Wednesday, August 13, 2014

Politically motivated charges of plagiarism and things vanishing from the internet

There has been some discussion of whether or not a book titled “The Invisible Bridge: The Fall of Nixon and the Rise of Reagan” by Rick Perlstein improperly borrowed from a book by Craig Shirley .
Within a post titled Was an Accusation of Plagiarism Really a Political Attack? by Margaret Sullivan, there is text questioning the motivation of the plagiarism charge

[Jeffrey] Toobin called the claim “a political attack on Perlstein dressed up as a journalistic ethics controversy.”

and a brief allusion to a citation issue

Mr. Brink also said that a number of elements combined to make the piece valid — the criticism, for example, about a paucity of primary sources in the book and the discussion about placing source citation not in the book itself but on Mr. Perlstein’s website. The article described “the growing practice of shifting endnotes out of print books and onto the web.” These factors, combined with the polarized reaction to the book and the plagiarism claim, added up to something newsworthy, the editors and Ms. Alter told me.

As a first matter, one needs to disconnect "plagiarism" from "political attack." For example, one suspects the charges against Senator John Walsh were politically motivated, but that motivation does not negate the plagiarism of John Walsh. Similarly, the charges against Glenn Poshard were politically motivated, but Poshard did plagiarize within his Ph.D. thesis.

As a second matter, the procedure of separating identifying endnotes/footnotes from the related text is problematic when the endnotes are placed on a pliable web and the related text is not. Things on the web can be changed, or simply disappear. Thus, putting endnotes onto the web is not all right.

Of vanishing things on the internet, IPBiz noted the disappearance of the "Rutgers is wrong" piece by Vai Sikahema in 2006, and later coined the verb "sikahema" for removal from the internet [ An issue with things posted on SSRN is that they can be later removed ("Sikahema'd"), for example, if the authors publish in a journal that prohibits internet posting (recall Dan Hunter's "Walled Gardens," ] [The article by Judge Mathesius that provoked the uproar seems to have vanished from the internet, likely another Sikahema.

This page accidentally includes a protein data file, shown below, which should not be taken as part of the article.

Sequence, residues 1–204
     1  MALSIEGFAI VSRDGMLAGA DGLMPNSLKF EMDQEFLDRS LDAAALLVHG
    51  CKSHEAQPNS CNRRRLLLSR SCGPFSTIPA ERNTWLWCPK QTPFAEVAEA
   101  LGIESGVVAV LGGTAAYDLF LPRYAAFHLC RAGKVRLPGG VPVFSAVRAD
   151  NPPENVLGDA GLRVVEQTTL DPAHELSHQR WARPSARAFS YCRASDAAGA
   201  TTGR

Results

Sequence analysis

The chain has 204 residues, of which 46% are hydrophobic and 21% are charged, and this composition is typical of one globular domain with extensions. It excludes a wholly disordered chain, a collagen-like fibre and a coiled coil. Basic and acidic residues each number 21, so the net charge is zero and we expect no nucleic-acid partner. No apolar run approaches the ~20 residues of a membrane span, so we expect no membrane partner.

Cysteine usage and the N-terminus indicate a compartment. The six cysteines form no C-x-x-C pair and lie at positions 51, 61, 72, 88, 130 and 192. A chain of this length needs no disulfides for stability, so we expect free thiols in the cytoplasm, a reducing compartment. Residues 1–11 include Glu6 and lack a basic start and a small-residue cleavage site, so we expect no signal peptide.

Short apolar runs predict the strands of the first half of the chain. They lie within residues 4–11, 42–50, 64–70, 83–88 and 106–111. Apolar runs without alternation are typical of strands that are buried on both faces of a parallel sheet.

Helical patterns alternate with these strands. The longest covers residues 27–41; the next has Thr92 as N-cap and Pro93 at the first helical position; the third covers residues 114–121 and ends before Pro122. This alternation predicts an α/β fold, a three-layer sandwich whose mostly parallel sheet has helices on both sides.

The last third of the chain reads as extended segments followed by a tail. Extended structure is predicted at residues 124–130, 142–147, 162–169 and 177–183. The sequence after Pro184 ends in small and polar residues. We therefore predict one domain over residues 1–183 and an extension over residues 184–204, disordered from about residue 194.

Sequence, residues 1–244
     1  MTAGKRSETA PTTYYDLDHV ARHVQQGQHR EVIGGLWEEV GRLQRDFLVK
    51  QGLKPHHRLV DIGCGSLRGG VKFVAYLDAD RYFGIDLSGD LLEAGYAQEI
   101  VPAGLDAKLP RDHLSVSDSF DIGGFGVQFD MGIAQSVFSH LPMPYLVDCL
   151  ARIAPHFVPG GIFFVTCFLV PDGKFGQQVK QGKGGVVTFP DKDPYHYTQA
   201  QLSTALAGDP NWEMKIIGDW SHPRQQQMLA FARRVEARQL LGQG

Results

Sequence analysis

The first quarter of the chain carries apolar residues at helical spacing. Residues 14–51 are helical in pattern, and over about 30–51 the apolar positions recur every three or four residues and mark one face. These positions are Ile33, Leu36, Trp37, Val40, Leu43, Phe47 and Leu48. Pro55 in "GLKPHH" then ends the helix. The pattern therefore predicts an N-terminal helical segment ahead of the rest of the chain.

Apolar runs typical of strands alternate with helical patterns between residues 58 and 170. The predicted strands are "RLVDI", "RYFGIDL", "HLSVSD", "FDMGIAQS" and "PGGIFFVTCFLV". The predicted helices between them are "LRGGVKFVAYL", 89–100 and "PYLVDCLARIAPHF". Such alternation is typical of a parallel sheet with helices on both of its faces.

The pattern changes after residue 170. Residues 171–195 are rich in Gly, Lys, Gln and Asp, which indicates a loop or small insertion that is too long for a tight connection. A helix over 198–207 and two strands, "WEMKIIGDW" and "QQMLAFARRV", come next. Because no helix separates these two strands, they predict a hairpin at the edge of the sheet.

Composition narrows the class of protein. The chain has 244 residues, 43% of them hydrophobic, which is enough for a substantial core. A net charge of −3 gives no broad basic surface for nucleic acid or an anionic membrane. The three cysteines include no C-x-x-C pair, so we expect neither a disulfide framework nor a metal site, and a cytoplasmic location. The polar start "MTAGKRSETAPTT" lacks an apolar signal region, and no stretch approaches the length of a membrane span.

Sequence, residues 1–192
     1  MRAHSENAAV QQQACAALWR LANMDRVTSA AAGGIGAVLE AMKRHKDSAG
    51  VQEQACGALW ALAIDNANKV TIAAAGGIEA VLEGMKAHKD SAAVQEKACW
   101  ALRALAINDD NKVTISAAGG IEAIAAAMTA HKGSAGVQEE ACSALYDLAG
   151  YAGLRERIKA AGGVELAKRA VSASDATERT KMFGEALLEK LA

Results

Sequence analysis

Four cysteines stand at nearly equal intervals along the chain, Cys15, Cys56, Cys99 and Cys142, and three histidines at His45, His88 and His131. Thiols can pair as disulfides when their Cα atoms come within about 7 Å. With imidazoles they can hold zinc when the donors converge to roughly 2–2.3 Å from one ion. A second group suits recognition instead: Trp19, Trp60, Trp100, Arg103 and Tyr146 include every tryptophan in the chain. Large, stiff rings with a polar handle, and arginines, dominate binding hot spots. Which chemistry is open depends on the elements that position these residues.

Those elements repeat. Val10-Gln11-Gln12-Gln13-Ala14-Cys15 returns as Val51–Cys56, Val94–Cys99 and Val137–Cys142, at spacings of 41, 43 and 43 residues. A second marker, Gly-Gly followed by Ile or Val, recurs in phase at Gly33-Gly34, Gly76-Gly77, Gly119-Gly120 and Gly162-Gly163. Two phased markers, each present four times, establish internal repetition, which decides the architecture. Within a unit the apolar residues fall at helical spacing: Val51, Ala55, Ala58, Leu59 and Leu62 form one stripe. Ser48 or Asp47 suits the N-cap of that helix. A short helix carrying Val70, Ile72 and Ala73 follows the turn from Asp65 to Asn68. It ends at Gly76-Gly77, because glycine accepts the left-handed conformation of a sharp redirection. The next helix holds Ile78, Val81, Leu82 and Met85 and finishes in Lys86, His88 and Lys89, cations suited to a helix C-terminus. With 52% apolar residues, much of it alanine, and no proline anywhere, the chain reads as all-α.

A post at (Bob Ingle ) has a brief excerpt:

Take boat-rocker extraordinaire Superior Court Judge Bill Mathesius, a former prosecutor who was unafraid to speak his mind using colorful language and biting wit. Mathesius wrote a scathing article about former Chief Justice Deborah Poritz, a political insider who never sat on a bench that wasn't in a park until Gov. Christie Whitman appointed her to the top court's top job. He described Poritz like this:

"The Chief swept in, clad in diaphamous tulle and a high-fashion shahtoosh. Her diamante' Harlequin glasses provided interesting accent. The picture collectively brought to mind a hint of mature Andrea Dworkin with a touch of Dick Cheney." He went on to suggest she took management tips from Kim Jong II, the North Korean dictator. ]


Even LEXIS will alter reported decisions without reference to the earlier, now altered, decision.


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